By Jim Mullins, Member of AfterDowningStreet.org
Also published by South Florida Sun-Sentinel
The rationales the Bush administration used to promote the Iraq war as necesary to counteract an imminent threat from Iraq have fallen by the wayside.
None of the commissions or congressional investigations have gone beyond the facile conclusions that "mistakes were made" or that the intelligence was "dead wrong." No official who gave the orders or held the responsibility has been named. President Bush took his re-election as a referendum on his previous policies, implying that we should move on.
But unanswered questions hang in the air. Days before Tony Blair's re-election, information surfaced that Britain's attorney general had given legal advice that war without a second Security Council resolution would be illegal aggression, but he reversed his opinion after a meeting with, and pressure from, Bush Counsel Alberto Gonzales.
Soon after, the "Downing Street memo" leak showed that in April 2002 Bush and Blair had agreed to invade Iraq. And in July 2002, U.S. and British intelligence officials stated that "the facts were being fixed around the policy."
John Bolton's nomination as U.N. representative has aroused misgivings. "Deep Throat" has outed himself, reminding us of the Watergate scandal. George McGovern (target of the Watergate burglary that led to President Nixon's resignation, avoiding impeachment) and Daniel Ellsberg of "Pentagon Papers" fame have called for insiders to expose the lies and deception that led to the Iraqi invasion.
John Bolton was the undersecretary for arms control and international security affairs. His actions -- denigrating all international institutions other than those controlled by the U.S., abrogating the Anti-Ballistic Missile Treaty, disowning the International Criminal Court Convention signed by Bill Clinton and blocking verification of proposals to be added to the Convention on Biological and Chemical Weapons -- make one wonder if he thought it was his mission to destroy the Arms Control and International Security Agency that his job required him to support.
Correspondent Charles J. Hanley has done a public service in his investigative report for The Associated Press revisiting Bolton's drive to have Jose Bustani fired in 2002 as director of the Organization for the Prohibition of Chemical Weapons.
Bustani had an outstanding record leading the U.N. organization dedicated to abolishing chemical weapons. He had overseen the destruction of more than 3 million chemical weapons and had increased the number of signatory countries from 87 to 145. He was re-elected to a five year term in 2000. U.S. Secretary of State Colin Powell had described his record as "very impressive" in a personal letter.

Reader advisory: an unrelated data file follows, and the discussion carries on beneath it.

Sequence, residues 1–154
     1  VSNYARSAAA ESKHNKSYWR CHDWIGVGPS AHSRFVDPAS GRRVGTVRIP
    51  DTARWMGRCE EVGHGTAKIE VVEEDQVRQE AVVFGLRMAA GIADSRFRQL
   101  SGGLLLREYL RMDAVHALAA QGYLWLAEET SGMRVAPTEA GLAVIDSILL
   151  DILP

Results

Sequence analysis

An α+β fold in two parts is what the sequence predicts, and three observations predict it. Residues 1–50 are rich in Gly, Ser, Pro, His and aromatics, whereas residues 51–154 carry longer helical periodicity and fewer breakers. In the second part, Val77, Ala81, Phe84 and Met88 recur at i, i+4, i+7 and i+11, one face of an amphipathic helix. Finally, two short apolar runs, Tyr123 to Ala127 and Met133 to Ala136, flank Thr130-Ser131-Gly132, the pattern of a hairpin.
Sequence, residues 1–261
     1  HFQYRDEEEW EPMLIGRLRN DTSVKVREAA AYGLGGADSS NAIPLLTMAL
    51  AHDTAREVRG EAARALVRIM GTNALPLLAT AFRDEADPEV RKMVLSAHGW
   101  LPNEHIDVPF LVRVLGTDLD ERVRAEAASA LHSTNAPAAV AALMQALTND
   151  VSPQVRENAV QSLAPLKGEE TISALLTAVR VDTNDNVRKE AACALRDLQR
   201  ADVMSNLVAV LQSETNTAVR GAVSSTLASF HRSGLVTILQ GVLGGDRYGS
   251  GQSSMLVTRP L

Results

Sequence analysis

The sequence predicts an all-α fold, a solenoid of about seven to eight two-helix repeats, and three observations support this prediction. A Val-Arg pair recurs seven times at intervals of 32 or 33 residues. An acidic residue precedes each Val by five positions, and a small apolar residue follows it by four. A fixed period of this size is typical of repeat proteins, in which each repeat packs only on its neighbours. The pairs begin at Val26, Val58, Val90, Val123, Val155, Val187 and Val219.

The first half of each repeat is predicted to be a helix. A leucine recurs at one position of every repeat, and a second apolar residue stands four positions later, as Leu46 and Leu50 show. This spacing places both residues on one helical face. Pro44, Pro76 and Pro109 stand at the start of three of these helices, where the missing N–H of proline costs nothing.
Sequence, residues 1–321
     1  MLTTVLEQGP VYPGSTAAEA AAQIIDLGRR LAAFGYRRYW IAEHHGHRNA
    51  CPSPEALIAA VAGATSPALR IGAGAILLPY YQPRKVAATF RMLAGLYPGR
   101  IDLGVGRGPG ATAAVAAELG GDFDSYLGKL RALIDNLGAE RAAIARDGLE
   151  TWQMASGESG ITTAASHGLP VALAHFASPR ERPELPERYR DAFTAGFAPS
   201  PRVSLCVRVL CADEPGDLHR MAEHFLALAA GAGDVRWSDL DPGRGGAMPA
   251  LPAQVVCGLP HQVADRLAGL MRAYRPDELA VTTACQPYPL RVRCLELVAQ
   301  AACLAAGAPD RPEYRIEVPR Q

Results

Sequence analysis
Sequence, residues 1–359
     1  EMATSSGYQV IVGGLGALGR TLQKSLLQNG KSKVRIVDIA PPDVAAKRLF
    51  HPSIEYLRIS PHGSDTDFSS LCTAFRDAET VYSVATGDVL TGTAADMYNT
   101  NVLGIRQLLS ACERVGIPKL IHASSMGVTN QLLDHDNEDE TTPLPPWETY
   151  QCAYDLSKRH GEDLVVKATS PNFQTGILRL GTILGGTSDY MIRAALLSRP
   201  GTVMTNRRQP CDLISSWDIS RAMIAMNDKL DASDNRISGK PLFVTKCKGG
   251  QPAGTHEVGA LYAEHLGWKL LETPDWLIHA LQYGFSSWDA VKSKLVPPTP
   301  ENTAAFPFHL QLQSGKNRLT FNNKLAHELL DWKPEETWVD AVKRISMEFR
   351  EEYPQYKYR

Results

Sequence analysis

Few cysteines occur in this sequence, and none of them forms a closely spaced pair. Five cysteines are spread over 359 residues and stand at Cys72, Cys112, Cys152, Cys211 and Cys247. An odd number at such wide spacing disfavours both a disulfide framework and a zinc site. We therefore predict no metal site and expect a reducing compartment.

Bustani and Bush should have been on the same page, for Bustani had planned to persuade Iraq to submit to OPCW inspections. The U.N. would have had the moral authority and worldwide support to force compliance. Yet the U.S., led by John Bolton, immediately attempted to have Bustani fired.
When the organization refused to fire Bustani at an executive meeting, the U.S. threatened to withold its dues. Bolton had a special meeting called and raised the ante by brandishing a U.S. pullout unless Bustani was fired. Great Britain piled on and Bustani was voted out.
The U.N. tribunal set up to mediate personnel issues decided the U.S. accusations were vague and the dismissal unlawful; it awarded Bustani back pay and $69,000 in damages.
One could leave it there -- unless you connect the dots. When Bolton began his campaign to oust Bustani, the Bush administration had already decided in secret to attack Iraq; two weeks after Bush and Blair met in April 2002 Bustani had been driven out. Obviously they didn't want the U.N. group mucking around in Iraq looking for the chemical and biological weapons, which they had every reason to believe had been destroyed, and losing the selling point they needed to strike fear in Congress and in the minds of American citizens.
Bush stated in his latest press conference that the United Nations should work to "regain the American people's respect." Judging from Bolton's actions in trashing treaties, impeding peace negotiations with Iran, North Korea and the one success -- Libya -- that he tried to obstruct, it seems that Bolton's nomination to be U.N. representative was the ultimate disrespect of the United Nations and its members.
Jim Mullins is a senior fellow at the Center for International Policy in Washington, D.C., and a resident of Delray Beach.